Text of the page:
This is not, however, to say that I agree with all the conclusions and reasoning in it; to the contrary, I remain at odds on the two most important points, namely that (1) the preponderance of the evidence wasn’t such that it could have been used to secure what was an incredibly harsh sentence by typical Russian jurisprudence; and (2) of its overall political wisdom. But there are good arguments to the contrary that Mercouris lays out and which are well worth considering and pondering over. Here is not the time to get into an extended debate – my own views and analysis I will further expound upon in a subsequent post. For now, Alexander Mercouris’ essay is reprinted without further commentary so that you can engage with it yourselves and draw your own conclusions.
On 8th December 2008 following a private meeting the Russian President Dmitri Medvedev nominated Nikita Belykh, a well known Russian liberal politician and former leader of the Russian liberal party the Union of Right Forces for the post of Governor of the Kirov Region in central Russia. Belykh’s subsequent appointment set in train a sequence of events which on 18th July 2013 led to the conviction by the Kirov Regional Court of Aleksei Navalny, the well known Russian opposition politician and blogger, for conspiracy to commit embezzlement contrary to Article 160 of the Criminal Code of the Russian Federation.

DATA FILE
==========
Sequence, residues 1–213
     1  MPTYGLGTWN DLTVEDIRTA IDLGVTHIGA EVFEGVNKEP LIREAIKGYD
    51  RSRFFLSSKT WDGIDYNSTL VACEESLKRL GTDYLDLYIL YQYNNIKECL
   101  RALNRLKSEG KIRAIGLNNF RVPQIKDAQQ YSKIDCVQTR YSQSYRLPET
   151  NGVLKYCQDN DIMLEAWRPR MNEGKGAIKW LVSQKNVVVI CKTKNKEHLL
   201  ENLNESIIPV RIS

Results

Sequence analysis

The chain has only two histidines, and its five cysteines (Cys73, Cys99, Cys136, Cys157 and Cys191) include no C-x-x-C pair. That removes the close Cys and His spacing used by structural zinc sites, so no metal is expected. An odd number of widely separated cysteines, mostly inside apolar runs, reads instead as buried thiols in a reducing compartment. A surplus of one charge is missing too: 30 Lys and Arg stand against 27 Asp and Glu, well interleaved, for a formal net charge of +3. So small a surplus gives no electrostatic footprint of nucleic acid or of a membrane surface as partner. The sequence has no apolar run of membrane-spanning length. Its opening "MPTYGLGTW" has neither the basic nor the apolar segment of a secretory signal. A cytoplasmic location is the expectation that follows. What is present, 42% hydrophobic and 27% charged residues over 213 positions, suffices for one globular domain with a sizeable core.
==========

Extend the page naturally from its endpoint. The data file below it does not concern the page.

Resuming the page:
Navalny’s conviction and his sentence of 5 years imprisonment, has provoked angry reactions. In Moscow several thousand of his supporters protested near the Kremlin. Scattered protests also took place in some other Russian cities. The United States government has expressed its “disappointment” with the verdict. The European Union has said the case highlights concerns about the rule of law in Russia. The rapporteurs of the Parliamentary Assembly of the Council of Europe have condemned his 5 year sentence as disproportionate and have claimed that his prosecution is political.